Drug tests are usually limited to some employees and convicted criminals. I rather doubt that my ninety-nine year old Mother in Law is out on the street scoring more opiods because she’s become addicted to Tramadol.

If a doctor really wants to explain the risk, benefits, and alternative treatments, then they should sit with the patient and take the time to explain the risks, benefits, and alternatives. Not have them sign a dumb “contract” which many of the patients may not take the time to read or even understand if they do read them.

“There are a variety of responses, but generally patients either say yes, of course, or they are clearly offended, refuse, and decline to continue their care with me,” said Dr. Britt Ehlert, a general internist practicing with Allina Health in Minnesota.

My doctor is one of the “sit and explain the risks, benefits, and alternatives” doctors, so I don’t foresee him (or a nurse practitioner in his office) shoving a form in my face and telling me that if I don’t sign it, I don’t get pain medication. Which I generally don’t use except immediately post surgery. Other doctors have different approaches, I guess.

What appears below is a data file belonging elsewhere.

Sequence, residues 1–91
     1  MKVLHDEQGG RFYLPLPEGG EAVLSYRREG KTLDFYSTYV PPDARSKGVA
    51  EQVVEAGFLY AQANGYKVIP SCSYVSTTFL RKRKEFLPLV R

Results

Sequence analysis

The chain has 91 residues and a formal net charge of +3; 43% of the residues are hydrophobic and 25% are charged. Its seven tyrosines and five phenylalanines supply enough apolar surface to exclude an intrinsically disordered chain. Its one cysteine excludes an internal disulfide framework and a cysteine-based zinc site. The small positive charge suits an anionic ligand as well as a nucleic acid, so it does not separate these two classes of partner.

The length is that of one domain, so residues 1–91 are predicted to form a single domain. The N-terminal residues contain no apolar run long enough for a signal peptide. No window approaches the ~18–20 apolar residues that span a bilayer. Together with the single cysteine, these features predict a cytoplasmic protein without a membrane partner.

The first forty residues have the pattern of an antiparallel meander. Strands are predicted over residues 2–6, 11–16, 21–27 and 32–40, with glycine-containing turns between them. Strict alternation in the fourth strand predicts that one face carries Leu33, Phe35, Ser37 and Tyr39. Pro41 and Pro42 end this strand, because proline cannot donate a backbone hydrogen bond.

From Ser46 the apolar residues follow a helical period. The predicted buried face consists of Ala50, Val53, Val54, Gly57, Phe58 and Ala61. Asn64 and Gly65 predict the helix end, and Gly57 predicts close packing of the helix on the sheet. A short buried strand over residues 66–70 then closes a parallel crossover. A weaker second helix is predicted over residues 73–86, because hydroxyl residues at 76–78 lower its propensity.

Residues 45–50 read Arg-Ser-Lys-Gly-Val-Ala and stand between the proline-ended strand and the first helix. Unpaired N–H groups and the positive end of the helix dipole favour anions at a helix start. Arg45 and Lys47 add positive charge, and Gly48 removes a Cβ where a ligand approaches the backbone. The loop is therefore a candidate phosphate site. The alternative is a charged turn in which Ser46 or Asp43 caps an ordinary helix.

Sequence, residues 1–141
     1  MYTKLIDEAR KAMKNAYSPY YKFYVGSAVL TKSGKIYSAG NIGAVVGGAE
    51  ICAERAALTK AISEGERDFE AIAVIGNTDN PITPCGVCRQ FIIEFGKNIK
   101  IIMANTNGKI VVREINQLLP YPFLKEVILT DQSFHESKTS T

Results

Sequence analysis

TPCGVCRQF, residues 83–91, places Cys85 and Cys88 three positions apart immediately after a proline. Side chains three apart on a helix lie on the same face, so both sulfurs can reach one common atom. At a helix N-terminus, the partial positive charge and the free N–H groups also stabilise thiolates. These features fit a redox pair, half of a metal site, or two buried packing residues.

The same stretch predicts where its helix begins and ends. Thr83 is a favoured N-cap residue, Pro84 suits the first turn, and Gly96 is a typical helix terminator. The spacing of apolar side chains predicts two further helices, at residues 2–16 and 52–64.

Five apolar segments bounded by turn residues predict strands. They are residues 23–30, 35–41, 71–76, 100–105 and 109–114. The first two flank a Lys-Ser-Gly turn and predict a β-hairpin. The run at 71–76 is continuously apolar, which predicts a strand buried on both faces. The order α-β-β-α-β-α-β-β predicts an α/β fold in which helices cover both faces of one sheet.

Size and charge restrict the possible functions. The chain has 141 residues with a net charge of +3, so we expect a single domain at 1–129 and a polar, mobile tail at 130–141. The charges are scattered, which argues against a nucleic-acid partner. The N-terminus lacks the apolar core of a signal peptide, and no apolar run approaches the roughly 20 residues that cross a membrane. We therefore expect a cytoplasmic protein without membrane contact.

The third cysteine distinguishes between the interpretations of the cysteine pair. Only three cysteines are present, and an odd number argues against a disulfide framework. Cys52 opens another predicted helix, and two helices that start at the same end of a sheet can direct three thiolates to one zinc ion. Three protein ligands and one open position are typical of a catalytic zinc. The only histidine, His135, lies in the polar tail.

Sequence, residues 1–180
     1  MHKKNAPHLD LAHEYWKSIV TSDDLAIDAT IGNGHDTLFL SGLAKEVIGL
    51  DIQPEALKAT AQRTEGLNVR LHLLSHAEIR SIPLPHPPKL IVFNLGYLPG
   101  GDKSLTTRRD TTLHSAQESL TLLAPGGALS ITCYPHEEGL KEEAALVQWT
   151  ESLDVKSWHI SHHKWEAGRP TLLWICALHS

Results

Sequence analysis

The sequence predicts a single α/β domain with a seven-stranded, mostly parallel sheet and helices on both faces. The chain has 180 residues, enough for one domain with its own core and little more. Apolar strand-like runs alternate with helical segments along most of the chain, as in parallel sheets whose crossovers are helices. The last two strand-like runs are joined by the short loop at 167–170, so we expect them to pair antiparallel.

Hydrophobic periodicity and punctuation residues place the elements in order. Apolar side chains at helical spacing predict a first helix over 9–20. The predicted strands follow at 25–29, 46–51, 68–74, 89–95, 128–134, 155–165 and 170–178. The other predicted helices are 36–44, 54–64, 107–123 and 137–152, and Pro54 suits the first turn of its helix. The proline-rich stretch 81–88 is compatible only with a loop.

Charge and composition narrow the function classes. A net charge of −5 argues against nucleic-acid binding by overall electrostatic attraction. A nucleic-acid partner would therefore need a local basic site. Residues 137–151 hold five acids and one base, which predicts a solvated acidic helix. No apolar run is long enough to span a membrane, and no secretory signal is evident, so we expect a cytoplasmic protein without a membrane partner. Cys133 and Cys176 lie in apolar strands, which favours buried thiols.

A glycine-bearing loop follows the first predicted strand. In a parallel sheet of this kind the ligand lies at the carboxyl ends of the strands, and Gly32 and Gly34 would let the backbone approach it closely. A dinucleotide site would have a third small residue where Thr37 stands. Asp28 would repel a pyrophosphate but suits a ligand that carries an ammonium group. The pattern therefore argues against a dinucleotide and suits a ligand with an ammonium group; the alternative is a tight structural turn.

Critics have raised several concerns about opioid treatment agreements.

One is a lack of evidence showing that they’re effective.

2010 review of previous studies, published in the Annals of Internal Medicine, found “weak evidence” that opioid treatment agreements reduce opioid misuse by patients with chronic pain.

It’s passing strange how doctors are all about “evidence based medicine” until a study shows that something they favor doesn’t work. Then it’s a different story.

Of course medicine (or somebody) brought this all about because somewhere along the line patient satisfaction became more important than patient treatment. Hospitals and doctors live in constant fair that their “patient satisfaction” scores will fall and since those are often tied to reimbursement, doctors are under pressure to aggressively treat pain in their patients.